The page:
Muhs murder trial begins

Shelia Muhs is on trial in Liberty County for one count of murder and seven courts of attempted murder following a May 2009 shooting.

LIBERTY—Oral arguments began this week in the trial of Sheila Muhs in the 253th District Court in Liberty.
Muhls is standing trial for the 2009 murder of Donald Coffey IV and the attempted murder of seven others.
The charges stem from an incident on May 7, 2009 in which Gayle and Sheila Muhs allegedly fired at least two shotgun blasts at a pair of packed cars that stopped outside their house south of Dayton. Police said the families in the two cars were driving on a public road when the Muhs t “external” opened fire from their house, killing Donald Coffey IV and hitting three others, including the boy’s 5-year-old sister.
Outside the Muhs’ house was a handpainted sign complete with misspelling and exclamation points that warns: “Trespassers Will Be Shot. Survivers Will Be Reshot!! Smile I Will.”
Ken DeFoor , who was serving as Liberty County Sheriff’s Department Chief Deputy at the time of the shooting said it was the “most external violent reaction to something so blatantly, blatantly minor” he’s ever seen.
Police got a 911 call just after 9 p.m. DeFoor said, from Sheila Muhs who “reported there were people in jacked up four-wheel automobiles … and that she shot them.” She also reported that the vehicles were destroying the nearby levees.
Police say, however, that the people in the vehicle were not doing anything illegal
The Coffey family – mom Becky, dad Donald III and their three children — were visiting friends along with Patrick Cammack and Cindy Nelton in the Muhs’ neighborhood. The two families had planned to go off-roading at the nearby government-owned levees on the way home, an activity that is both popular and legal.
In the Jeep were Cammack, 30, Donald Coffey III, 30 and Donald IV, 7. In the following Ford SUV were Becky Coffey, Nelton and the Coffey’s 5-year-old daughter Destiny, and 11-year-old son.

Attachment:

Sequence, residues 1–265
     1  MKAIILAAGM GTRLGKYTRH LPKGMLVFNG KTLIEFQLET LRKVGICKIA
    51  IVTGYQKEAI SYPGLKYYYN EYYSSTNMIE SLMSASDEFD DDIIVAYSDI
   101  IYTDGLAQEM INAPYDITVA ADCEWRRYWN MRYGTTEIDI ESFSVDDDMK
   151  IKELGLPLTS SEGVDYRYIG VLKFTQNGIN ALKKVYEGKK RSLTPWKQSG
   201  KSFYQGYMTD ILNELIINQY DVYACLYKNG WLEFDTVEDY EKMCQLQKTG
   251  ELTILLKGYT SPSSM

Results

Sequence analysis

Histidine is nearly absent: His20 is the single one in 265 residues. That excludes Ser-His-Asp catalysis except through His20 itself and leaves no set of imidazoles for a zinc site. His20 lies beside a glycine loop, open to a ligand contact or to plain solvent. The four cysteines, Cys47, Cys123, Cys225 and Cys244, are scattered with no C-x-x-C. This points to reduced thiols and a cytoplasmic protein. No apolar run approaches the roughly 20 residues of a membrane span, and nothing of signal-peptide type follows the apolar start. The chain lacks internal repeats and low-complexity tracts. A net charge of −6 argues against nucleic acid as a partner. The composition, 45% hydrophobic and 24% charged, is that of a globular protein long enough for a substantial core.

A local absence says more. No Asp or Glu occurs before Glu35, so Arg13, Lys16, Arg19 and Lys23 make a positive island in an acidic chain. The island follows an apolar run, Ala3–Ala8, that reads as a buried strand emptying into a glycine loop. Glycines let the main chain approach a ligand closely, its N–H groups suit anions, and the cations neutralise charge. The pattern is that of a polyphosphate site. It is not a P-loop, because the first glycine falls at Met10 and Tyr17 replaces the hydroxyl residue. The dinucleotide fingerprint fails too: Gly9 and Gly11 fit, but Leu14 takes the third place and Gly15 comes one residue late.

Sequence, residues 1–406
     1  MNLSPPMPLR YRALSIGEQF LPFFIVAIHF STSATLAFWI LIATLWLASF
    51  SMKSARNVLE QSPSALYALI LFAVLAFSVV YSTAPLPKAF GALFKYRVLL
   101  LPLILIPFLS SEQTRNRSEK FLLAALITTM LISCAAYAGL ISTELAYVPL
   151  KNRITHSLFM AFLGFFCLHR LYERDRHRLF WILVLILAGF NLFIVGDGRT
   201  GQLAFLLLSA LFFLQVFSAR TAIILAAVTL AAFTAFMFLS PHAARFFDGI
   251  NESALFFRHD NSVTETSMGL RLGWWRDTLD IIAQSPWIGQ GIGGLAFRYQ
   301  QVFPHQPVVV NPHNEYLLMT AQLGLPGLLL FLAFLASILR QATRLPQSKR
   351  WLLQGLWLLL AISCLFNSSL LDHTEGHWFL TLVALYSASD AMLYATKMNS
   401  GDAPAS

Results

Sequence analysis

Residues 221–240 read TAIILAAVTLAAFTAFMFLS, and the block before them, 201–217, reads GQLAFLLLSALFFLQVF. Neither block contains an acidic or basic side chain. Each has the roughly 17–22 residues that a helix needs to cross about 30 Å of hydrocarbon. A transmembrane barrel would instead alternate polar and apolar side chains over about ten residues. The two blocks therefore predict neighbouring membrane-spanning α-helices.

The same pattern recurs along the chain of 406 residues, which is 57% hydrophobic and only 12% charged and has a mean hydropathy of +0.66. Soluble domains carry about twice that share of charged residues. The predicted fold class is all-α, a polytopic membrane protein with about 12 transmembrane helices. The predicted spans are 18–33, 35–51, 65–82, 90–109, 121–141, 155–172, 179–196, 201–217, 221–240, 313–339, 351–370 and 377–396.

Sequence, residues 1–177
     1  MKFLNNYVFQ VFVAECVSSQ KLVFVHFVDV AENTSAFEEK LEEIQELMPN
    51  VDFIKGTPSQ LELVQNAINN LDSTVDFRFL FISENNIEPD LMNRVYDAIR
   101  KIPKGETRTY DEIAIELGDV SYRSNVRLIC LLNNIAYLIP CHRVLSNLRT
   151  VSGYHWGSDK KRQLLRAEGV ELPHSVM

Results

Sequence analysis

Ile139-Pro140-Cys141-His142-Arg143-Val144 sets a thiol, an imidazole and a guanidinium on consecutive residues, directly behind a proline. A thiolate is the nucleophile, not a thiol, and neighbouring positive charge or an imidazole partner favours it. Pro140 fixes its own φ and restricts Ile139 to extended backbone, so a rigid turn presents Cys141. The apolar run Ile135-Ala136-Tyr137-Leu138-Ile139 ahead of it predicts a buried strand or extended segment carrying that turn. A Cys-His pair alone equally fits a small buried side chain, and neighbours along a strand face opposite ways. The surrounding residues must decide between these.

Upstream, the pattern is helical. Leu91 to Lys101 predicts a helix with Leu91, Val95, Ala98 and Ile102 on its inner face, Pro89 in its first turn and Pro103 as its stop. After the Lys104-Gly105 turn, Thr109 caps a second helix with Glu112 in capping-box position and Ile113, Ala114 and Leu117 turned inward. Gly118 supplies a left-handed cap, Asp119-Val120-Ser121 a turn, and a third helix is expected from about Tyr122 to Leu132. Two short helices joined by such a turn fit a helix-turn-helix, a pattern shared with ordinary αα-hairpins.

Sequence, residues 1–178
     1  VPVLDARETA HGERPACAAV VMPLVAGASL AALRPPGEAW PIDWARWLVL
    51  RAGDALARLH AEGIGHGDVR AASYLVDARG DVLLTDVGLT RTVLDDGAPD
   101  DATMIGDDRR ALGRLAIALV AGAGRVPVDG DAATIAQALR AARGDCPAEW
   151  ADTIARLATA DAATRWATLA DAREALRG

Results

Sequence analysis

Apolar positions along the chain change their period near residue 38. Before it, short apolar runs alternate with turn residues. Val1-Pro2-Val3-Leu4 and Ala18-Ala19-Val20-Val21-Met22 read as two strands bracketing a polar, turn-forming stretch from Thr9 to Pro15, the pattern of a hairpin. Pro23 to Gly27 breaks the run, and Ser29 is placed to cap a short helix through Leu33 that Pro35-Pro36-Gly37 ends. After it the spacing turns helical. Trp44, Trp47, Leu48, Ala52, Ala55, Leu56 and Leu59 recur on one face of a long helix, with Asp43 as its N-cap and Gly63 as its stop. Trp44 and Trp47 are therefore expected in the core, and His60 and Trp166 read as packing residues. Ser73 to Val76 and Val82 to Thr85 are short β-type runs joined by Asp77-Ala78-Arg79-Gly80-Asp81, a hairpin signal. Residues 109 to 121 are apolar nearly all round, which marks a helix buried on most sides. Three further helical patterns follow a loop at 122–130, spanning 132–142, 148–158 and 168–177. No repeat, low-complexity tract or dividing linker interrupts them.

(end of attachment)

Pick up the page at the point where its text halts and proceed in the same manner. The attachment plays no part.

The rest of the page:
The families said they stopped on the county-owned road outside the Muhs’ home so one of the boys could go to the bathroom by the side of the road. That’s when, police said, the couple ran out of their house.
At that point, Sheila Muhs is accused of firing at the vehicle. Her husband reportedly joined her and began to shoot as well.
Police said that the Muhs began to pursue the Jeep as they continued the fire.
Injured in the shooting was Destiny who had been shot in the elbow, Donald Coffey III shot in the shoulder and Cammack, who was driving the Jeep who was hit in the base of his skull. Donald Coffey IV, however, had been hit by several shotgun pellets in the face and head. He later died at an area hospital.
DeFoor said police believe the Muhs may have fired as many as four shots from the 12-guage pump shotgun, each one spraying 15 pellets.
Texas does have a “castle” law that allows property owners to shoot if someone is trespassing on their property at night. But that law, DeFoor said, did not apply in this case.